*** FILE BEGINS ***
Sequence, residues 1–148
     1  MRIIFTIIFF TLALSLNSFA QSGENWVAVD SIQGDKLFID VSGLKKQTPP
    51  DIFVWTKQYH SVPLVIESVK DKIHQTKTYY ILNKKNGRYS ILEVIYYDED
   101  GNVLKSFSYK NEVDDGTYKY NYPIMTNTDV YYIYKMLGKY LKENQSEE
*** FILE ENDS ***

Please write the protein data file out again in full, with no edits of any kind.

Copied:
Sequence, residues 1–148
     1  MRIIFTIIFF TLALSLNSFA QSGENWVAVD SIQGDKLFID VSGLKKQTPP
    51  DIFVWTKQYH SVPLVIESVK DKIHQTKTYY ILNKKNGRYS ILEVIYYDED
   101  GNVLKSFSYK NEVDDGTYKY NYPIMTNTDV YYIYKMLGKY LKENQSEE